Boris Johnson wins race to become Britain’s next PM

New Conservative Party leader and incoming prime minister Boris Johnson. (AFP)
Updated 24 July 2019

Boris Johnson wins race to become Britain’s next PM

  • The former London mayor easily beat his rival, Foreign Secretary Jeremy Hunt
  • He is expected to be confirmed as prime minister on Wednesday

LONDON: Boris Johnson won the race to become Britain’s next prime minister on Tuesday, heading straight into a confrontation over Brexit with Brussels and parliament, as well as a tense diplomatic standoff with Iran.
The former London mayor easily beat his rival, Foreign Secretary Jeremy Hunt, in a vote of members of the governing Conservative Party.
He is expected to be confirmed as prime minister on Wednesday, when his predecessor Theresa May formally tenders her resignation to Queen Elizabeth II.
US President Donald Trump was the first world leader to offer his congratulations, saying: “He will be great!“
It is a triumph for a man who has always wanted the top job, but Johnson, known for his jokes and bluster, is taking over at a time of immense political upheaval.
Three years after the referendum vote to leave the European Union, Britain remains a member amid continued wrangling in a divided parliament on how to proceed.
Johnson led the 2016 Brexit campaign and — after May delayed Brexit twice — insists the latest deadline must be kept, with or without a divorce agreement with the EU.
“We’re going to get Brexit done on October 31,” he declared after winning 66 percent of almost 160,000 votes cast.
However, Brussels says it will not renegotiate the deal it struck with May to ease the end of a 46-year partnership — even after MPs rejected it three times.
EU negotiator Michel Barnier said he wanted to work with Johnson “to facilitate the ratification of the withdrawal agreement and achieve an orderly #Brexit.”
But he said he was ready to “rework” an accompanying declaration on future UK-EU ties.
Although parliament dislikes May’s deal, Johnson faces significant opposition from MPs to his threat to leaving with no deal, including from Conservative colleagues.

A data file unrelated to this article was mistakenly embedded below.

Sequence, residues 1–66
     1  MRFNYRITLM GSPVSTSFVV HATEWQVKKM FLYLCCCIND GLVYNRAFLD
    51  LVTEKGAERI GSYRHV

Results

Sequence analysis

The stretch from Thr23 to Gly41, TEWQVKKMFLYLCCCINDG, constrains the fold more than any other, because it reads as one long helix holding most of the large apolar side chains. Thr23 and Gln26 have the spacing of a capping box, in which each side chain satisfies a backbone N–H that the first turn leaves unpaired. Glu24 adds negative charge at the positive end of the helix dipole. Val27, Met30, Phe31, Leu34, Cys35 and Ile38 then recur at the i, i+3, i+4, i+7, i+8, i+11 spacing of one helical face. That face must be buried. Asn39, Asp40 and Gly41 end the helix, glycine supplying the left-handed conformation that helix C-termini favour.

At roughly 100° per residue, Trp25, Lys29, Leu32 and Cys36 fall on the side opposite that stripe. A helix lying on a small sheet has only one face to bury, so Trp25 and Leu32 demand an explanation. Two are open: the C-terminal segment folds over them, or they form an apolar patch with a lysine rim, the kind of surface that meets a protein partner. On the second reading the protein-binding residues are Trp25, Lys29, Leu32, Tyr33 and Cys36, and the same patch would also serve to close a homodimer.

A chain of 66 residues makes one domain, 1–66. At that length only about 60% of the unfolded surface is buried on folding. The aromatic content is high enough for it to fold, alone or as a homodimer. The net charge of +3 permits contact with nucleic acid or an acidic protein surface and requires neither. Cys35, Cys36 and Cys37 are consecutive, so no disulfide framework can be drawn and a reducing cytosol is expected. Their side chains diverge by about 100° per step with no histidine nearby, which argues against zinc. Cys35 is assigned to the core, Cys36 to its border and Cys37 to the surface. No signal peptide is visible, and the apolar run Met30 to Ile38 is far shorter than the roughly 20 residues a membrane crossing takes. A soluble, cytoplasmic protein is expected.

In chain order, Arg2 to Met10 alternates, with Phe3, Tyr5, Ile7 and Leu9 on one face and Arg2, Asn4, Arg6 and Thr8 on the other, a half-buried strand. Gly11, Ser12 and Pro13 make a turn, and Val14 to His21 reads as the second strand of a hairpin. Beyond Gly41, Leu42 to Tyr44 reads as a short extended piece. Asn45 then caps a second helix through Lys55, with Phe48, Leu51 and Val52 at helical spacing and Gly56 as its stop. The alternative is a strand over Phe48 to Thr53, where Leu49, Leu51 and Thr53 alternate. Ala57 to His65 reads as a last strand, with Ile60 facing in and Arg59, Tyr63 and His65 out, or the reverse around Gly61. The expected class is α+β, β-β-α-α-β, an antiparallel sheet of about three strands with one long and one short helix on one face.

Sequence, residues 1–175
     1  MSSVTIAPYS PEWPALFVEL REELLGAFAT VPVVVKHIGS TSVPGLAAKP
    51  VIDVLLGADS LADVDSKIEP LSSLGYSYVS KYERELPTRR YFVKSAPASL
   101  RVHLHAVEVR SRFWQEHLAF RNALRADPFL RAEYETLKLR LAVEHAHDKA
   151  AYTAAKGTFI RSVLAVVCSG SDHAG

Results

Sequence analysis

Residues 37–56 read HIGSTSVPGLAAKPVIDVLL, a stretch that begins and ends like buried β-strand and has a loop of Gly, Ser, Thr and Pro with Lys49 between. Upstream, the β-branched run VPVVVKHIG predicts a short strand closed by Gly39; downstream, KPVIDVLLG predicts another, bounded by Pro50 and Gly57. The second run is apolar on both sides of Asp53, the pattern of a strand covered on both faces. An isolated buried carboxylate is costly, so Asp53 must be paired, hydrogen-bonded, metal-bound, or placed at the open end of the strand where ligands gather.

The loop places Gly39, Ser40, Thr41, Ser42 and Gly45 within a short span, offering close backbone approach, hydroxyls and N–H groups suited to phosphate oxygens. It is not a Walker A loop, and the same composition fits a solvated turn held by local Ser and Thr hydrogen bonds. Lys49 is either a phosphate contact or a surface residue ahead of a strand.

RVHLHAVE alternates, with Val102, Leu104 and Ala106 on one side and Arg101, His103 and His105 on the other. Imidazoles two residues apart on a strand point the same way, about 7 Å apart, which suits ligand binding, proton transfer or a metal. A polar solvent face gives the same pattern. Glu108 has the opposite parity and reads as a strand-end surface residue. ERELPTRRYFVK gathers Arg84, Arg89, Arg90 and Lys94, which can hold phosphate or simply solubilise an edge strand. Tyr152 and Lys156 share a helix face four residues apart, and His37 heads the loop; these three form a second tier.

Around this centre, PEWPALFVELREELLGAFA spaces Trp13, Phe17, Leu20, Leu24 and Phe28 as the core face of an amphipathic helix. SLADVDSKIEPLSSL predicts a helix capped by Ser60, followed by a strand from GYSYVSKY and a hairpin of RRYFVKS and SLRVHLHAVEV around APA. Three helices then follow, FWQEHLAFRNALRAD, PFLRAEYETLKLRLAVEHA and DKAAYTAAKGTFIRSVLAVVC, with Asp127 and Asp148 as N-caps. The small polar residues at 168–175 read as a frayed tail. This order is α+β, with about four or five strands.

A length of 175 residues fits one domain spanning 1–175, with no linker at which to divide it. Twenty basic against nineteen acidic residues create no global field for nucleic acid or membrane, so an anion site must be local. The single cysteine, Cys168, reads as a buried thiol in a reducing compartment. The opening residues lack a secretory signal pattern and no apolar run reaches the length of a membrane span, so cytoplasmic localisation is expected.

Several ministers said they will not serve under Johnson, warning that severing ties with Britain’s closest trading partner with no new arrangements is deeply irresponsible.
But addressing Conservative members after his win, Johnson insisted with his trademark optimism that he would find a way through the deadlock.
“Like some slumbering giant we are going to rise and ping off the guy ropes of self-doubt and negativity,” he said.
Johnson promised to “work flat out from now on,” saying he would announce his top team in the coming days.
But Westminster is watching for any early challenge which could stop him automatically becoming prime minister.
May’s government has a majority of just two in the 650-seat House of Commons, made possible through an alliance with Northern Ireland’s Democratic Unionist Party (DUP).
The main opposition Labour party is not expected to force a confidence vote this week — but some in his own party have already tried.
Junior foreign minister Alan Duncan, who quit this week, revealed he had sought to force a vote on Tuesday but was blocked by Commons Speaker John Bercow.
However, other colleagues who do not agree with Johnson are still willing to give him a chance.
“I think he needs to be given an opportunity to go out there to engage with the European Commission,” outgoing justice minister David Gauke told BBC radio.
MPs are expected to go on their summer holidays on Friday, giving Johnson some breathing room over the summer to try to get a new Brexit deal.
But when he returns, if “no deal” looks likely, many MPs have vowed to stop him — a move that could trigger an early election.
Opposition Labour leader Jeremy Corbyn challenged Johnson on Tuesday to call a vote, although both his party and the Tories are struggling amid a splintering of support among a public deeply divided over Brexit.
They face a challenge from Nigel Farage’s euroskeptic Brexit Party on one side, and the pro-EU Liberal Democrats on the other.